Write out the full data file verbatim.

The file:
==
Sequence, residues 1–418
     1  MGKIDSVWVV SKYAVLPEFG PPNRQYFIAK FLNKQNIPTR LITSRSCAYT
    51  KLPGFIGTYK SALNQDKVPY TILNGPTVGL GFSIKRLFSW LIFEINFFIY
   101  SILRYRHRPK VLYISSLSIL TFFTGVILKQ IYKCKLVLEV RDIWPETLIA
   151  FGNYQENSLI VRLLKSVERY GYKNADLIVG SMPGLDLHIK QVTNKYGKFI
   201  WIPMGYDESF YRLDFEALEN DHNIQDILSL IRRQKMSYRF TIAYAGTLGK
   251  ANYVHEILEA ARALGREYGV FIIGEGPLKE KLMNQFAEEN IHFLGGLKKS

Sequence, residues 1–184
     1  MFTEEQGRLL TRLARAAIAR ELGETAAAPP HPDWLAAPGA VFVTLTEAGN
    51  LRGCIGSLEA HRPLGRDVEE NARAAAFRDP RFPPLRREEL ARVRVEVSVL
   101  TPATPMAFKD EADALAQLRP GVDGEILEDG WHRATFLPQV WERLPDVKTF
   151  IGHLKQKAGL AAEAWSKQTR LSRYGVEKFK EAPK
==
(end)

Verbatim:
Sequence, residues 1–418
     1  MGKIDSVWVV SKYAVLPEFG PPNRQYFIAK FLNKQNIPTR LITSRSCAYT
    51  KLPGFIGTYK SALNQDKVPY TILNGPTVGL GFSIKRLFSW LIFEINFFIY
   101  SILRYRHRPK VLYISSLSIL TFFTGVILKQ IYKCKLVLEV RDIWPETLIA
   151  FGNYQENSLI VRLLKSVERY GYKNADLIVG SMPGLDLHIK QVTNKYGKFI
   201  WIPMGYDESF YRLDFEALEN DHNIQDILSL IRRQKMSYRF TIAYAGTLGK
   251  ANYVHEILEA ARALGREYGV FIIGEGPLKE KLMNQFAEEN IHFLGGLKKS

Sequence, residues 1–184
     1  MFTEEQGRLL TRLARAAIAR ELGETAAAPP HPDWLAAPGA VFVTLTEAGN
    51  LRGCIGSLEA HRPLGRDVEE NARAAAFRDP RFPPLRREEL ARVRVEVSVL
   101  TPATPMAFKD EADALAQLRP GVDGEILEDG WHRATFLPQV WERLPDVKTF
   151  IGHLKQKAGL AAEAWSKQTR LSRYGVEKFK EAPK